Sarah Ella Cole founded Delta Girl Frames in 2009, creating handmade, custom frames for nearly six years before finally selling the business. “After I sold my framing company,” she says, “I took a whole year off … I just didn’t want a brush in my hand for a hot minute. We were just renovating our house, and I just was putting out to the universe — what is next for me?”
Sarah Ella’s question was answered, and her art hiatus came to an end when her son’s school called about their annual auction. “I’d always donated like a $1,000 worth of handmade, hand-painted frames,” she says.
After she painted a few pieces for the school auction, she knew she had found her calling. “It just made me happy that it kind of just happened out of a need,” says Sarah Ella. “And I really didn’t have any pressure with it. But I did miss painting, and I loved doing it. And luckily, it just kind of caught on.”
She purchased a bunch of supplies, then headed home to put brush to canvas. Unsurprisingly, painting came easily, and her creative juices began flowing. “I think the curve went faster because of painting the frames for six years,” she says. “I kind of understood the color wheel and mixing of colors … that, I think, sped up my self-taught process by a lot of years, [as well as] being very familiar with making my own colors and knowing what palettes [to use] — what’s going to jive and what’s not. I hadn’t done anything in almost two years, but it was just right. I don’t think I realized how much I missed it.”
That experience caused Sarah Ella to mull over the reason she sold Delta Girl Frames in the first place. “I think that the reason I was so ready to sell it was that it was such a repetitive creativity,” she says. “If a frame was successful, [that was] awesome, but then I would sell 50 of them. And by the time you paint 50 of the same thing, it’s more like manual labor.”
What now is a full-time career started off with a few small art shows Sarah Ella put on with the help of her friends. “The first year,” she recalls, “was friends of mine that had been owners of my frames in the past who knew that creativity inside of me. And once I started painting on canvas, their minds were like … ‘Of course — this makes perfect sense! I want to host you a show.'”
It was at one of those shows thrown by a friend that Sarah Ella met several future customers, including interior designers. Those connections, combined with her savviness in business and social media from running her framing company — as well as getting into The Harding Art Show during her second year of painting — helped Sarah Ella get to where she is now. Her work can be found in galleries in Nashville, where it all began, as well as in Houston, Birmingham, and New Orleans, where she and her family reside today.
“I use a little bit of everything,” she says of her abstract creations. “I use oil, acrylic, and oil pastels. I use a lot of plaster and modeling paste to build a lot of texture. I really will throw every tool in the book at it. I mean, there’s no medium for me that is off limits.”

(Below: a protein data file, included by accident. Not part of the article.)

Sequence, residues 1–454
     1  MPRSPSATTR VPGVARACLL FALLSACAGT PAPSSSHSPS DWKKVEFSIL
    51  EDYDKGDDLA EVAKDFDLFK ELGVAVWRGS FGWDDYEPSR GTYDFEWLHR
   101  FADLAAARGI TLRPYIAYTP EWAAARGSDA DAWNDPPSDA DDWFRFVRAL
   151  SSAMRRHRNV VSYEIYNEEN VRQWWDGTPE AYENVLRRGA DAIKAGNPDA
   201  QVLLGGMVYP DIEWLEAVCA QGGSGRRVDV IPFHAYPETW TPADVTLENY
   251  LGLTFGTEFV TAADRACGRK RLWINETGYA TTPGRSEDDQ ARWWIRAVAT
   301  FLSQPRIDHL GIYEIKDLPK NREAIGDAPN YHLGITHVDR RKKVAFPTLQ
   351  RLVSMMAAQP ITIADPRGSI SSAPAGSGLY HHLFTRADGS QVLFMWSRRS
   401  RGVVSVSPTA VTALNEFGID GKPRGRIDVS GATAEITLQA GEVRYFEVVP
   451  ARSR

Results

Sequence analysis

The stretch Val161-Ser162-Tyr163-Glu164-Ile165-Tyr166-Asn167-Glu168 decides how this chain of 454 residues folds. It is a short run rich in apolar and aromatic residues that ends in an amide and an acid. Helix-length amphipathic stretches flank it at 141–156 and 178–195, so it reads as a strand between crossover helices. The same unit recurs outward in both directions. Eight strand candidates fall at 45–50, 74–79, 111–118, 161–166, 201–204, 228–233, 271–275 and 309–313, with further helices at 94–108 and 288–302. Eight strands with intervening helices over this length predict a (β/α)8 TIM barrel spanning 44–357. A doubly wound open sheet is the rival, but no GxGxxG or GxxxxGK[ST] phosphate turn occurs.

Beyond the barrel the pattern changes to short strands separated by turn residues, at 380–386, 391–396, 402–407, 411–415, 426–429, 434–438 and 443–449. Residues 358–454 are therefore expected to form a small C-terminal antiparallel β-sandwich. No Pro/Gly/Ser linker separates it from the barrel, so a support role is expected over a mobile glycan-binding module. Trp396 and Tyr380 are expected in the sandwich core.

Regardless of what each composition calls for, all of Sarah Ella’s pieces have a distinct style. “My aesthetic is always going to be a neutral palette that is very geometric, but it always has color,” she says. “I do play with color a lot, but I think the colors that I choose are neutral, like a blush, a green, or the light blue eyes of the sky. Those [hues] are like bringing nature in your home, bringing the outside in.”
The world around her not only influences the colors Sarah Ella applies, but also the brushstrokes she makes. “My inspiration is usually drawn through architecture or physical objects in nature,” she says. “I see a bunch of seashells and how they’re grouped together or how they overlap each other, or it could be the architecture on a really old building. I see certain shapes in millwork that I can translate to a canvas. [My art] is very layered, very geometric, and I feel like it’s very bold and emotional.”
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Taking a commissioned piece from concept to completion typically takes Sarah Ella six to eight weeks. If she’s working on a new collection, however, that time frame varies widely. “Sometimes [it’s] painfully long,” she says, laughing. “Other times it just comes, and it’s like you have no control over it. When I first moved to New Orleans, I feel like the inspiration was coming very easily because the architecture here is just incredible. It’s one of the oldest cities in the United States and was owned by the French for so long. The colors, the architecture, the moldings, the trim work and every little thing — the inspiration was just out of control. I knew everything I was going to paint for the next nine months was going to be based off this tropical vibe and this cool architecture. And when I know [the overall vibe], I can get 10 pieces done in a month.”
Regardless of how fast or slow the process is for Sarah Ella to complete a work of art, one thing is certain: Being an artist is her true passion, and she’s in it for the long haul. “I could not have ever imagined that I would start a whole other career doing painting,” she says. “It’s wild.”
See more of Sarah Ella’s work HERE.
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